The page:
/ Representing Sounds in Sign Language

LANGUAGE: American Sign Language

Dr. Susan Mather describes a research study to decipher how teachers sign sounds in ASL.

REFERENCES

  • Boyes Braem, P. (2001). Functions of the mouthing in the signing of Deaf early and late learners of Swiss German Sign Language (DSGS). In The hands are the head of the mouth, P. Boyes Braem & R. L. Sutton-Spence (Eds.), Signum Press.
  • Dingemanse, M. (2009). Ideophones in unexpected places. In Proceedings of Conference on Language Development and Linguistic Theory 2, Peter K. Austin, Oliver Bond, Monik Charette, David Nathan, and Peter Sells (Eds.), (pp.83-97). London: SOAS.
  • Dudis, P. (2004). Body partitioning and real-space blends. Cognitive Linguistics, 15:2, 223-228.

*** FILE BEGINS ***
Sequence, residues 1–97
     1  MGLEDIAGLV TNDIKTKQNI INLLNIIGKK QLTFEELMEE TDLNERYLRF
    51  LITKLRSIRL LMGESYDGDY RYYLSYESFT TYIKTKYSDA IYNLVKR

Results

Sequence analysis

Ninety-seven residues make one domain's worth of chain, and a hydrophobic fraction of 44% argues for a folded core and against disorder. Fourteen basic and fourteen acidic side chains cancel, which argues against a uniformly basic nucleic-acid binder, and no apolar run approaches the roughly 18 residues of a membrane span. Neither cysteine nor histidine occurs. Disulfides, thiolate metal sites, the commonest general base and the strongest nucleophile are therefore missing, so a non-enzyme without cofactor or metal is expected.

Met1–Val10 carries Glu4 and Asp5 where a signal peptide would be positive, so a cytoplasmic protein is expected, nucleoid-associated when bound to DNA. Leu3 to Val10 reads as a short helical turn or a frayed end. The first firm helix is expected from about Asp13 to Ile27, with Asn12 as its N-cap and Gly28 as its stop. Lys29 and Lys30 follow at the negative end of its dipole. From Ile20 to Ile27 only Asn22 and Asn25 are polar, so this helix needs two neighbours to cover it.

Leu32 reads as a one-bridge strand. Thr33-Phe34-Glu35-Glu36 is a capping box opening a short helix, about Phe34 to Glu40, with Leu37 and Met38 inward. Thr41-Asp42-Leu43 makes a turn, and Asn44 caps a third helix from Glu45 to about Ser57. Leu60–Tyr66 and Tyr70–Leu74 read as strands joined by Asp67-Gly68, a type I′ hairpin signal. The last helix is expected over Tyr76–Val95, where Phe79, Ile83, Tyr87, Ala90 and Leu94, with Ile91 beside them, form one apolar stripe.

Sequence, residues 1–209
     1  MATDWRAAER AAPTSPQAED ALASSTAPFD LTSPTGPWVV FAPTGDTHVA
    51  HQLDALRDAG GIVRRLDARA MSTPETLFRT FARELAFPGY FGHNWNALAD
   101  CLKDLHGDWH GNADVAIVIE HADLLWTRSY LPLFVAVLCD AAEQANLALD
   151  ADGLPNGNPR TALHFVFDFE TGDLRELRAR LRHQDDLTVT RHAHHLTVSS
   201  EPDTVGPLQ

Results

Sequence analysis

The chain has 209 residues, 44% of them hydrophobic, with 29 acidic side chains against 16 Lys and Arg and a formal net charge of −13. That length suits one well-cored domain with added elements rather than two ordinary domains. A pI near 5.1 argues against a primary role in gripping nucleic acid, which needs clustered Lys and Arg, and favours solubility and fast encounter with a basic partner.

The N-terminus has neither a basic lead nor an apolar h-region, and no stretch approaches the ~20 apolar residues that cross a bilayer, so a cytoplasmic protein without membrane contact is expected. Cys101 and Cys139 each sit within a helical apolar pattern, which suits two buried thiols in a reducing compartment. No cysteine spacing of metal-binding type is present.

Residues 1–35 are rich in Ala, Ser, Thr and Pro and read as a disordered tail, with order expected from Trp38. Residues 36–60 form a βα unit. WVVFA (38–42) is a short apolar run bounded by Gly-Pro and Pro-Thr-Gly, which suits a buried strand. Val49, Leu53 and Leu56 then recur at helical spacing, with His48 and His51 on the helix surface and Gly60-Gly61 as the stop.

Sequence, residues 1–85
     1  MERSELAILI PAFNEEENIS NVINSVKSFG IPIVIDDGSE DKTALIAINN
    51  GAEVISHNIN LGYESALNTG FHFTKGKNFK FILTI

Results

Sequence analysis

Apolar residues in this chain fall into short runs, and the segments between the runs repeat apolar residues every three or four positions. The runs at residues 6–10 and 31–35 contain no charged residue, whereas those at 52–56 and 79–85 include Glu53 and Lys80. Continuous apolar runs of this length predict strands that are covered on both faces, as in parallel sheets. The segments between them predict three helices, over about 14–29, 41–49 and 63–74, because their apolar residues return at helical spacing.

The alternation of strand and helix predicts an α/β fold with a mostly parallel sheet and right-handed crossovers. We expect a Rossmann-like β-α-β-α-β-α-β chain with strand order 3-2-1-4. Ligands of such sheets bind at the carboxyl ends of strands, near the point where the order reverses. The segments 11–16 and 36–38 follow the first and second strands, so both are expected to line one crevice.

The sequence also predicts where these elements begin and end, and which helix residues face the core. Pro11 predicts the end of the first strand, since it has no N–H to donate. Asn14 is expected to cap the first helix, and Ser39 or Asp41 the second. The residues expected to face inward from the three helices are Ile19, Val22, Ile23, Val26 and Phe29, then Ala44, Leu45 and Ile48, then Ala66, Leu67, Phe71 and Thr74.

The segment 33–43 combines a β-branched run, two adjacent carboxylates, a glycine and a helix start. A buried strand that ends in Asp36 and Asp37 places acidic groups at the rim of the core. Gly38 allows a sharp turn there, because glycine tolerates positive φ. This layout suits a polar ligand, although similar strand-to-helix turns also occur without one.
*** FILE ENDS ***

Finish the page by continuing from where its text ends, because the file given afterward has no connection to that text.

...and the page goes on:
• Fontana, S. (2008). Mounth actions as gesture in sign language. Gesture, 8(1), 104-123. https://doi.org/10.1075/gest.8.1.08fon
  • Mather, S. (1989). Visually Oriented Teaching Strategies with Deaf Preschool Children. In C. Lucas (ed.). In the Sociolinguistics of the Deaf Community. (pp. 165-187). New York Academic Press.
  • McGovern, A. (1992). Too Much Noise. Boston: Houghton Mifflin Company.
  • Tannen, D. (1988). Hearing Voices in Conversation, Fiction, and Mixed Genres. Linguistics in Context: Connecting Observation and Understanding, In D. Tannen (Ed.), pp.89-113. Norwood, NJ: Ablex.
  • Tannen, D. (1989). Interpreting Interruption in Conversation. Papers from the 25th Annual Regional Meeting of the Chicago Linguistic Society. Part two: Parasession on Language in Context. In B. Music, R. Graczyk, and C. Wiltshire (Eds.), pp.266-287. Chicago: Chicago Linguistic society.
  • Woll, B. (2001). The sign that dares to speak its name: Echo phonology in British Sign Language (BSL). In The hands are the head of the mouth, P. Boyes Braem & R. L. Sutton-Spence (Eds.), Signum Press.